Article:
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It’s time to think about fine watch insurance



Collecting rare and valuable watches is a hobby that is growing in popularity. And the insurance market is developing alongside it.

While watches used to be handed down through generations in families, and insured on home contents insurance policies if at all, watches – like jewellery and fine wine – are now coveted collectables.

Watches became an auction category of their own in the late 1970s and early 1980s, and since then, collecting luxury watches has become big business for corporates, museums, high-net worth individuals, enthusiastic amateurs and even hedge funds.

Fine watch collectors include rappers, actors, and sport stars, and they own some of the world’s most valuable timepieces.

The watchwords – pun intended – for collectors of timepieces are “quality,” “condition,” and “rarity.”

Rare watches can command hefty price tags

In October, possibly the most iconic vintage watch of all time was auctioned in New York and sold for a whopping USD 17.8 million, making it the most expensive watch ever sold at auction. The Paul Newman Rolex Cosmograph Daytona is one of the most sought-after watch models. And Paul Newman’s very own timepiece – inscribed on the back with the words “Drive Carefully, Me” by Newman’s wife Joanne Woodward, and worn every day for 15 years by Newman- was auctioned to raise funds for a philanthropic foundation run by Newman’s daughter, Nell.

As part of its inaugural New York watch sale, auction house Phillips offered Paul Newman’s watch as part of its “WINNING ICONS – Legendary Watches of the 20th Century” event on October 26.

More than 700 people crammed into the auction room and callers from 43 countries joined the sale by telephone. The watch eventually was sold to an anonymous phone bidder for USD 17,752,500 The sale eclipsed the previous world record paid for a watch - the USD 5.06 million raised by the sale in Geneva of a Rolex 6062 “Bao Dai” watch, previously owned by the last emperor of Vietnam.

On September 19, the Space Travellers’ Watch made and worn by Dr George Daniel, known as the greatest watchmaker of the late 20th and early 21st centuries, sold for £3.2 million at auction at Sotheby’s in London.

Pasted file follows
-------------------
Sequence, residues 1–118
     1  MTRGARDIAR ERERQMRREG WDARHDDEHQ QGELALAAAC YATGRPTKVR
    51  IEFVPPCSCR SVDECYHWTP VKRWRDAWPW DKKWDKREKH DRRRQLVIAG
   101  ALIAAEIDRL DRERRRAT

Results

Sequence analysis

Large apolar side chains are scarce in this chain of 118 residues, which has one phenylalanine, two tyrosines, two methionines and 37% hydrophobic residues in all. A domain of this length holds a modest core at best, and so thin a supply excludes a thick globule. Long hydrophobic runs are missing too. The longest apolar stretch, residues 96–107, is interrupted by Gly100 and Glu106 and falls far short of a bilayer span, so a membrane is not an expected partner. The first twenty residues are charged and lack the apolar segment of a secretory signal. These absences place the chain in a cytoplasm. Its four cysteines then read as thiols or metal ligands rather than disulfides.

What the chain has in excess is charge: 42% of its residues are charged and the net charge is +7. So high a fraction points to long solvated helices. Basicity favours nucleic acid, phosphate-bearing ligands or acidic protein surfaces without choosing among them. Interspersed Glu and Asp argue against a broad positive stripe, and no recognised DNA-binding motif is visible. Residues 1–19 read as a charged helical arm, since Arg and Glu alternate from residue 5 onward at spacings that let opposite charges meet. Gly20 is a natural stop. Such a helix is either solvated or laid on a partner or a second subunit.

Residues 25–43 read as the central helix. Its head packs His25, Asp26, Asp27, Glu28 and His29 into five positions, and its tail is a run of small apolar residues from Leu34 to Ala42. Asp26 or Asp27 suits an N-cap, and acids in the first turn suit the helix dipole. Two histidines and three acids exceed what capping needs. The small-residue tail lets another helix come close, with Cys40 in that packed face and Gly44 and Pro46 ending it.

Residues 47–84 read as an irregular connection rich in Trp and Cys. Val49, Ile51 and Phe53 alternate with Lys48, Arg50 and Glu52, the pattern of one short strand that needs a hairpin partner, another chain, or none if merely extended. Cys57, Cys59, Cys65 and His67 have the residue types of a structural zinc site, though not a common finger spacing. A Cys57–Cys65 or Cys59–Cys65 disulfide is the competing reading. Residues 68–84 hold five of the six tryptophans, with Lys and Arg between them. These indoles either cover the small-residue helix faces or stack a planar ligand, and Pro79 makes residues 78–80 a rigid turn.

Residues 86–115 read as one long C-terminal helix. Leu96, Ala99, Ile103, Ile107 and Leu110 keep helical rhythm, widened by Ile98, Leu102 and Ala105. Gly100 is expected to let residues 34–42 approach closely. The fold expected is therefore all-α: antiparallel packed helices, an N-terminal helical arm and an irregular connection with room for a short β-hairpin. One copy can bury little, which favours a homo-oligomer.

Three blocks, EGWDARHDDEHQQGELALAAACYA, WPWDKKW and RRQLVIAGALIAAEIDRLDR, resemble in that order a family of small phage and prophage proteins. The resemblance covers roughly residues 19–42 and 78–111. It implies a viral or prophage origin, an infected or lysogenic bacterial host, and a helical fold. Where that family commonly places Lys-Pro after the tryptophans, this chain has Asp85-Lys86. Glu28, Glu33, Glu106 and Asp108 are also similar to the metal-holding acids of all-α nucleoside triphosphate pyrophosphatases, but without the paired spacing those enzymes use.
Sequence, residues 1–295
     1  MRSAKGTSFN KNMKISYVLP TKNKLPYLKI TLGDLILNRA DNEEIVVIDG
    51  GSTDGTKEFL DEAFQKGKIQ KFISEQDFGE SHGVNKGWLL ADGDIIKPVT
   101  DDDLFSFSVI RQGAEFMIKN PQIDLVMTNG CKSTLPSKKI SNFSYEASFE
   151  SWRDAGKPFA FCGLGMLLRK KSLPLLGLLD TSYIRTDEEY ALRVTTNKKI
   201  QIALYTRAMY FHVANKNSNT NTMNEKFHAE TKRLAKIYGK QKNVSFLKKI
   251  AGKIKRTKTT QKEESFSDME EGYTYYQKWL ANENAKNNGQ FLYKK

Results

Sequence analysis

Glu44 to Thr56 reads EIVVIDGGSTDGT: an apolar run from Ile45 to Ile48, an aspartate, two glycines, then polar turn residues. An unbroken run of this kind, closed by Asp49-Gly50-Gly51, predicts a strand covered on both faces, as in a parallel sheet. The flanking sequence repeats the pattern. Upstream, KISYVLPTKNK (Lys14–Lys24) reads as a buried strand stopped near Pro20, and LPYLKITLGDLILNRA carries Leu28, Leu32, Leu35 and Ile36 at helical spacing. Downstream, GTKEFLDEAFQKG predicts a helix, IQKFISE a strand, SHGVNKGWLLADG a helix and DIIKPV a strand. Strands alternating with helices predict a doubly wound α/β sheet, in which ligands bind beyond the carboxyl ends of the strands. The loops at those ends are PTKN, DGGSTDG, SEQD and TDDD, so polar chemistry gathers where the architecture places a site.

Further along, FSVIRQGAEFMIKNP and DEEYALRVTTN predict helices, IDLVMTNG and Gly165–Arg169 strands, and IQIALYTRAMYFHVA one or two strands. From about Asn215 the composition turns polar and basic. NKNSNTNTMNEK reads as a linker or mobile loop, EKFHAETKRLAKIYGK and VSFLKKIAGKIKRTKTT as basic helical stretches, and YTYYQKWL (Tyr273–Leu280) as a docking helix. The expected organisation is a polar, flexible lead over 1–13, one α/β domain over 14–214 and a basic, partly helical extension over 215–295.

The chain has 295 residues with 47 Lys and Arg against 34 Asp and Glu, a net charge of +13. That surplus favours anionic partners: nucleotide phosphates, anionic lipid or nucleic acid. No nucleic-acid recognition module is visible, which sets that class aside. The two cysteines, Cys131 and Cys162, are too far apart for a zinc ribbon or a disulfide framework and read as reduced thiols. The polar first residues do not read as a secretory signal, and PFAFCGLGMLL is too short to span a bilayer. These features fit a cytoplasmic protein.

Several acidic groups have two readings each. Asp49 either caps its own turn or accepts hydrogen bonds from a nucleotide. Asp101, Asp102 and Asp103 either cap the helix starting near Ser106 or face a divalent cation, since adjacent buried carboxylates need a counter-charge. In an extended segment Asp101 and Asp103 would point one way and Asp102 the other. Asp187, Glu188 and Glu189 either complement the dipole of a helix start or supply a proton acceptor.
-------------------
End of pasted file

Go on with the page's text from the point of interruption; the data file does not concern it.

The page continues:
The watch, made of 18-carat yellow gold, records the time both in relation to the sun and also the motion of the earth in relation to distant stars. Dr Daniel named the watch in honour of the 1969 moon landings.

The major watch auctions are held from March to May and from October to December in Geneva, Hong Kong, London and New York.

And watch fairs across the U.S. and Europe also attract horologists keen to buy watches or to learn more about their hobby.

The insurance market for watches is relatively new, but is growing

Many broking houses have private client or high-net-worth teams with specialist brokers that can help clients to find the right insurance coverage for their collection, whether it is large or small. Specialist insurers offer an all-risks policy and, in certain circumstances, clients can even buy a “simple loss and mysterious disappearance” warranty.

When specialist underwriters are insuring a collection of watches, they look not only at the list of watches and their values, but also consider the circumstances of the owner. Often clients with large watch collections will wear some pieces and keep others in banks or in safes at their home.

When collectors keep their watches at home, they must have robust security in place – alarms, window locks and a home that is constantly occupied.

In the case of very valuable pieces that may be worn perhaps twice a year to special events such as galas, the insurer will advise the owner to be accompanied by a security guard at all times until the watch is returned to its place of safekeeping.

If a client adds to their collection – or sells a piece – and the value of the collection changes, they typically have a period of about two months to let their insurer know. Insurers also can deal with large upticks in the value of an individual piece.

Insurers either indemnify a client according to the market value of their watch, which would be re-evaluated in the case of a claim, or clients can re-declare the value of the watch as determined by a valuer.

Fine watches continue to attract huge interest as recent sales show. And whether collectors are keen amateurs with a small collection of treasured heirlooms, or more serious horology buffs, there is a growing awareness that the insurance market is there to help keep those timepieces protected.

Christèle Pautet is an underwriter in XL Catlin's Fine Art & Specie team, based in Paris. She can be reached at

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